Welcome to Essential Politics, a new newsletter from the Los Angeles Times. I'm Christina Bellantoni, assistant managing editor for politics and your host today.
As national Republicans contemplate some fresh competition for Donald Trump in Carly Fiorina’s surging candidacy, the California GOP is searching for answers of its own.
Party activists gathered in Anaheim over the weekend openly worried about the rhetoric coming from the presidential race, especially toward immigrants. Thanks to its size and diversity, California underscores the national struggle for the soul of the Republican Party, and these questions are nothing new here.
Consider this Mark Z. Barabak gem from 1999, with then-state Sen. Jim Brulte so concerned about changing demographics in California and the GOP losing non-white voters that he announced he would contribute in party primaries only to women and minority candidates.
Fast forward to this weekend, when the convention (led by Brulte as party chairman) overwhelmingly adopted language to the party platform to soften rhetoric on immigration.
Chris Megerian, reporting with our team from Anaheim all weekend, details the platform:
The changes say Republicans "hold diverse views" on "what to do with the millions of people who are currently here illegally." ...
Although the new language emphasizes opposition to "amnesty," it removes the statement that "allowing illegal immigrants to remain in California undermines respect for the law."
Megerian reported that Marcelino Valdez, a Latino party official from Fresno, said the shift is in direct response to Trump. Valdez said it's important to use "language that is more appealing to California's diverse electorate."
Harmeet Dhillon, the party’s vice chairperson, said the push for the change came from members of the party, not the leadership. The party's platform also added support for laws that prohibit discrimination in employment and housing based on “sexual orientation” — not the kind of thing most Republican parties are addressing. The party left unchanged its opposition to same-sex marriage, abortion and new taxes.
(Republicans also opted to support a ballot measure that would overturn the ban on plastic grocery bags.)
As Cathleen Decker found in her Sunday column, despite lopsided numbers in California, state Republicans have been notching minor electoral victories, which still count even though they aren’t winning the big-ticket prizes. How will they do facing the long odds in the race to replace retiring Democratic Sen. Barbara Boxer? Reporter Phil Willon took a look at the GOP’s contenders for the seat, and found it might be difficult without unity around a single candidate.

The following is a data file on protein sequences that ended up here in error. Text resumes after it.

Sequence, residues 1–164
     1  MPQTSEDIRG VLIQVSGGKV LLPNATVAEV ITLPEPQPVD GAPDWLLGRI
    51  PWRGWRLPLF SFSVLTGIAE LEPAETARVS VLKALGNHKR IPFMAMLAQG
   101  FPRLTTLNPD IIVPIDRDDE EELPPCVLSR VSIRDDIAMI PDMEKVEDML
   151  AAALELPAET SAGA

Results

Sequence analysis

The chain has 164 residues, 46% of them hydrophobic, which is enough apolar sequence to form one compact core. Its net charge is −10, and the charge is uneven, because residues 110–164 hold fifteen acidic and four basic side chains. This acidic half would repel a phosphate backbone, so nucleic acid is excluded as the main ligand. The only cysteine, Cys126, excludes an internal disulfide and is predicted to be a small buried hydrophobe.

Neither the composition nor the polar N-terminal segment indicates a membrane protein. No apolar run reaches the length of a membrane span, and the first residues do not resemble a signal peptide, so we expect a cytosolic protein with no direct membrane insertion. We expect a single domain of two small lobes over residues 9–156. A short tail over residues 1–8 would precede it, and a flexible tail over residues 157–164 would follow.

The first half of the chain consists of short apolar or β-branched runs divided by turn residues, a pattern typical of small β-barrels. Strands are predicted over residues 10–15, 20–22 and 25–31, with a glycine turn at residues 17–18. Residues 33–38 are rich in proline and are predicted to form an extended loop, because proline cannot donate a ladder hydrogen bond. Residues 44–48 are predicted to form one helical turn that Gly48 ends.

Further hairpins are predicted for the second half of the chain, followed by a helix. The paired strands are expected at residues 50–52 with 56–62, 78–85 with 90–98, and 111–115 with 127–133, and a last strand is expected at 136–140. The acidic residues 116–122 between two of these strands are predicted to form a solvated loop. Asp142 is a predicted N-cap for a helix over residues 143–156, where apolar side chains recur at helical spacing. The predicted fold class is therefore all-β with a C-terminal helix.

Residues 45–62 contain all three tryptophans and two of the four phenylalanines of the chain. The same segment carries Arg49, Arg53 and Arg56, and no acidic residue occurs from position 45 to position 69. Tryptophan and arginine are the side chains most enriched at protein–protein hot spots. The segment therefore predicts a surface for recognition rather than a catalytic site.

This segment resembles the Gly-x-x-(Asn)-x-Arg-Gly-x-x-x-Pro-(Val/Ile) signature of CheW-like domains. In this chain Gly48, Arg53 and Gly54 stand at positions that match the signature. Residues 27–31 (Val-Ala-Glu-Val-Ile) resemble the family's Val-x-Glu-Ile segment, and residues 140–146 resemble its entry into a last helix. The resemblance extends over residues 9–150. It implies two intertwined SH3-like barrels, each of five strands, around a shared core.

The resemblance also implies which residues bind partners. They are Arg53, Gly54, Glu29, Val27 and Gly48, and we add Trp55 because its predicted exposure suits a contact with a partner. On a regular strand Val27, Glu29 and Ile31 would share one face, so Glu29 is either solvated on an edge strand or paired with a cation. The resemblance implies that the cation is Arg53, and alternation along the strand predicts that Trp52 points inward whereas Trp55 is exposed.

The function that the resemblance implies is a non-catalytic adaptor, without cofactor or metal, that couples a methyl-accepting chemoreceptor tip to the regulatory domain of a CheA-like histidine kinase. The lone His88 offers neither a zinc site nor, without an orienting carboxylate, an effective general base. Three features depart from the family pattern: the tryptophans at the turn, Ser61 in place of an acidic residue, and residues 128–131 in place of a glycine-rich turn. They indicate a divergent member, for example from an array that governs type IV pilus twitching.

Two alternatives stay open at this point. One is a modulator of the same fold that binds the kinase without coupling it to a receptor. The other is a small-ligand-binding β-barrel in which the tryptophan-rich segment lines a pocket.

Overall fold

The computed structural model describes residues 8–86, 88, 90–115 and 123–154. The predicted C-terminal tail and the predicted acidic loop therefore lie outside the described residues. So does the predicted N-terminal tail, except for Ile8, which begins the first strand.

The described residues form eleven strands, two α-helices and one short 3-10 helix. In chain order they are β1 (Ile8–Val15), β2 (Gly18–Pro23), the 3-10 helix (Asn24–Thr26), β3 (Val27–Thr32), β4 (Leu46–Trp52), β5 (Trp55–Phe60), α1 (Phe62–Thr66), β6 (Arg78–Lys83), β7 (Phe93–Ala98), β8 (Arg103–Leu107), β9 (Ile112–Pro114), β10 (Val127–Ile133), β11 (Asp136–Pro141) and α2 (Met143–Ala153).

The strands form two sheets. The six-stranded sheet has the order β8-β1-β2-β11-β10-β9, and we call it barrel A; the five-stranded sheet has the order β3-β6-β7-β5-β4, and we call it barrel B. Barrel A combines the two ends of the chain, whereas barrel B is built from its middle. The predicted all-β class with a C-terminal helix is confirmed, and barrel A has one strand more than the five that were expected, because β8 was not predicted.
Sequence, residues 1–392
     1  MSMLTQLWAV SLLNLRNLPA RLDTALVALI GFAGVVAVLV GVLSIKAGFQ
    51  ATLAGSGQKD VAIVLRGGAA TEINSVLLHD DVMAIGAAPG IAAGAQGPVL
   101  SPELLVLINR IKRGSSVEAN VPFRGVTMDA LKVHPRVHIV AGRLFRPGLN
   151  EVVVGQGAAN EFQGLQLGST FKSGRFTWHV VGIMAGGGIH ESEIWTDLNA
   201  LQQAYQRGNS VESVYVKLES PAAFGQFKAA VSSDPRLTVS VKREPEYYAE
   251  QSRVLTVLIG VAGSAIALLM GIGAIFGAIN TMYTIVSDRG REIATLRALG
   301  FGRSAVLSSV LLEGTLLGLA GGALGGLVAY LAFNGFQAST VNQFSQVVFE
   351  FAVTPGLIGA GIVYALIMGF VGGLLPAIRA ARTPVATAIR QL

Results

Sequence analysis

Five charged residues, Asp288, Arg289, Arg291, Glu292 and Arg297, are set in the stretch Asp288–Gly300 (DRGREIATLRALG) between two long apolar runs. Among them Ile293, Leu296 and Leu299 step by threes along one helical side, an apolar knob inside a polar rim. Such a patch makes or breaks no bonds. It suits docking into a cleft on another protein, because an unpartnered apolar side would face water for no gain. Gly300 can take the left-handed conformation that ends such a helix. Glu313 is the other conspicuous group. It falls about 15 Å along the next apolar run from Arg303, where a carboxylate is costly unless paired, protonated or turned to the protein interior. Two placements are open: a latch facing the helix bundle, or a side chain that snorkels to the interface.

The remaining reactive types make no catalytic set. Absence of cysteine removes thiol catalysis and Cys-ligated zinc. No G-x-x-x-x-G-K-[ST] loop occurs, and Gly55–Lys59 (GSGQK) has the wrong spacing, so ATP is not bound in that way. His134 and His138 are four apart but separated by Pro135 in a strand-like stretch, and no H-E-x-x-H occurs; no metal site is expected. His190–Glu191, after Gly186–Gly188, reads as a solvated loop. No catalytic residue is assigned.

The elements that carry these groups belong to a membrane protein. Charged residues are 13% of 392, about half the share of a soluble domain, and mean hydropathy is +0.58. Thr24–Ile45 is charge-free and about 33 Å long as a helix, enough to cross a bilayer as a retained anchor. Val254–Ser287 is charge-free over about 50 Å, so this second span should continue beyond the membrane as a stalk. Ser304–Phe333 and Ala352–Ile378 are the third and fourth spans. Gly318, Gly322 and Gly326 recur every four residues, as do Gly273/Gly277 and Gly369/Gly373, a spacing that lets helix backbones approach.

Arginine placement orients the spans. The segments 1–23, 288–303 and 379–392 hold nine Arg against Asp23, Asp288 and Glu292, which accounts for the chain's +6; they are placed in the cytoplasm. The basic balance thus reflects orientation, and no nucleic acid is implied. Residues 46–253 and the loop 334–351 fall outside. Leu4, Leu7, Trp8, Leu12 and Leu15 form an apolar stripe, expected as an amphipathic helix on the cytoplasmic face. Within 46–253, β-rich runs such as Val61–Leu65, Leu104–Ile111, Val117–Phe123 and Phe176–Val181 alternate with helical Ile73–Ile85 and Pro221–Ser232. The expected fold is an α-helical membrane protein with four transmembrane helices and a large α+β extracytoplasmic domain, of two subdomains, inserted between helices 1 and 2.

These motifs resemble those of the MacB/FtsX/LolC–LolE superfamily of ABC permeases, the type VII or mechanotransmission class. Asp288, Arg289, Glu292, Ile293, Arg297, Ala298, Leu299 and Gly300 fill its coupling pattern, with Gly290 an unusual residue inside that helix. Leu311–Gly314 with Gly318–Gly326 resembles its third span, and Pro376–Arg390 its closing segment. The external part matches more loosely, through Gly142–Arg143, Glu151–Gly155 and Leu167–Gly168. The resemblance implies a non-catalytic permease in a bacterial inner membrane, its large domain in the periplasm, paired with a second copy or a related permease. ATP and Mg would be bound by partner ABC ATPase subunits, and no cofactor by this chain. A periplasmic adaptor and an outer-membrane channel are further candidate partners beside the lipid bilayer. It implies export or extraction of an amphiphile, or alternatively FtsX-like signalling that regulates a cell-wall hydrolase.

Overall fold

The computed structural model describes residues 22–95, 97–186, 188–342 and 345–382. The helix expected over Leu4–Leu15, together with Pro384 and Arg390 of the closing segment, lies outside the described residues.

Decker writes Monday that the toned-down language might be more soothing to California voters in isolation, but presidential candidates haven’t exactly gotten the message.
-- Melanie Mason had a big scoop out Saturday morning: Assembly Speaker Toni Atkins is going to challenge fellow Democratic state Sen. Marty Block, an almost unheard-of intra-party tussle that already has tensions fraying.
-- Barbara Boxer went after her onetime rival Fiorina in an interview with Seema Mehta.
-- “I don't think he really wants it that bad. … It's like he's just going through the motions.” That was retired insurance agent John O. Green of La Mesa, telling Michael Finnegan his views of Jeb Bush after the second Republican debate. Finnegan spoke with voters surveyed in on the USC Dornsife/Los Angeles Times poll to see how the debate reshaped their opinions, and found support for Trump is wavering.
-- See the list of celebrities for Bernie Sanders.
-- A new L.A. city councilman wants to ban donations from businesses and unions to political candidates.
-- A state panel outlawed so called “dark money” in campaigns.
-- There’s a science to the politics in your Twitter feed.
-- If you’re not debate-coveraged out, here is a dispatch from the Los Angeles Times watch party downtown. And here is a local CBS station’s report on our event.
-- Finally, Chris Matthews has some thoughts about urinals at the GOP debate.
As a reminder, Monday through Thursday, we’ll send a morning email from Los Angeles. Fridays, you’ll get an afternoon note with the week’s best stories that provide fresh insight on the presidential campaign and other great long reads to take you into the weekend from Washington bureau chief David Lauter. Read his debut edition here and learn more about the newsletter here.
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